28 SEP 2021 by ideonexus

 Fruitless Recursion as a Strategy

Luring an opponent into fruitless recursion can be an effective strategy in other games, too. One of the most colorful, bizarre, and fascinating episodes in the history of man-vs.-machine chess came in a 2008 blitz showdown between American grandmaster Hikaru Nakamura and leading computer chess program Rybka. In a game where each side got just three minutes on the clock to play all of their moves or automatically lose, the advantage surely seemed to be on the side of the computer—capable of...
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28 SEP 2021 by ideonexus

 Caching in Public Libraries

...libraries are a natural example of a memory hierarchy when used in concert with our own desk space. In fact, libraries in themselves, with their various sections and storage facilities, are a great example of a memory hierarchy with multiple levels. As a consequence, they face all sorts of caching problems. They have to decide which books to put in the limited display space at the front of the library, which to keep in their stacks, and which to consign to offsite storage. The policy for w...
Folksonomies: metaphor computer science
Folksonomies: metaphor computer science
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24 SEP 2021 by ideonexus

 The Ultraintelligent Machine will be Civilization's Last ...

The survival of man depends on the early construction of an ultraintelligent machine. Let an ultraintelligent machine be defined as a. machine that can far surpass all the intellectual activities of any man however clever. Since the design of machines is one of these intellectual activities, an ultraintelligent machine could design even better machines; there would then unquestionably be an "intelligence explosion," and the intelligence of man would be left fa.r behind see for example refs...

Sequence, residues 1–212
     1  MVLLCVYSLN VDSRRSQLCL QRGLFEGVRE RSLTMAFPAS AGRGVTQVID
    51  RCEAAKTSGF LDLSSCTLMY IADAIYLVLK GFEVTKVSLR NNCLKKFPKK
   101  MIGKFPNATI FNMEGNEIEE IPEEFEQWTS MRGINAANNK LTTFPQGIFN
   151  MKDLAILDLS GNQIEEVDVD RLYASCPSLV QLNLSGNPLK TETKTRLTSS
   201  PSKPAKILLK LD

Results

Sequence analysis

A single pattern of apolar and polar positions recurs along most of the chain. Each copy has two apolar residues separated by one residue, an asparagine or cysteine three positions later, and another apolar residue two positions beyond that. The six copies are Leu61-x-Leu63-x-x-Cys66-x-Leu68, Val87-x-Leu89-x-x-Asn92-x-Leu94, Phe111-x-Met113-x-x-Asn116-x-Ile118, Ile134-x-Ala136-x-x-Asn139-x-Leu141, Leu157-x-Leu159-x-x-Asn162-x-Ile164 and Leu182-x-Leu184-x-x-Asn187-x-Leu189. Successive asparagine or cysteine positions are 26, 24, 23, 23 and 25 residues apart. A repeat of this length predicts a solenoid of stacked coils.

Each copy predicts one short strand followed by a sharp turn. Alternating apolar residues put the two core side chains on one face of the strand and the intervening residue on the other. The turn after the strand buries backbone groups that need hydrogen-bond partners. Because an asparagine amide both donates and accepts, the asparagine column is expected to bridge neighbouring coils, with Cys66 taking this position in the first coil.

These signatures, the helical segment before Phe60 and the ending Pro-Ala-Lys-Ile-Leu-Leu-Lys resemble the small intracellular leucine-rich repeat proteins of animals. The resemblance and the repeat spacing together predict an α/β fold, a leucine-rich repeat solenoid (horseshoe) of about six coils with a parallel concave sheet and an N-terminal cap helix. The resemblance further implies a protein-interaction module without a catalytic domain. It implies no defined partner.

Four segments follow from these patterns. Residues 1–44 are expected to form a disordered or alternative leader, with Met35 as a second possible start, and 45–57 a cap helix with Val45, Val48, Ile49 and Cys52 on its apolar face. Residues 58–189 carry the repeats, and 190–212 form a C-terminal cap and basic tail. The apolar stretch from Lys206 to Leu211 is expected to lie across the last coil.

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02 MAR 2021 by ideonexus

 Students Reliant on Computer Simulations Lack the Technic...

In the 1980s, alternate visions of computers and the future of design were expressed in competing views about programming. Some architects believed that designers needed to learn advanced programming. If designers did not understand how their tools were constructed, they would not only be dependent on computer experts but less likely to challenge screen realities. Other architects disagreed. They argued that, in the future, creativity would not depend on understanding one’s tools but on usi...
Folksonomies: simulation abstraction
Folksonomies: simulation abstraction
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02 MAR 2021 by ideonexus

 Top-Down VS Bottom-Up Approaches to Design in Software

One of the hallmarks of the Athena project was that faculty were asked to build their own educational software. Most worked with a set of assumptions about learning: students begin by learning “fundamental concepts”; formal, mathematical representation is always the best approach; students would use simulations the way designers intended. As Athena unfolded, none of these assumptions proved true. To begin with, students approached simulation with a wide range of personal intellectual styl...
Folksonomies: simulation abstraction
Folksonomies: simulation abstraction
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02 MAR 2021 by ideonexus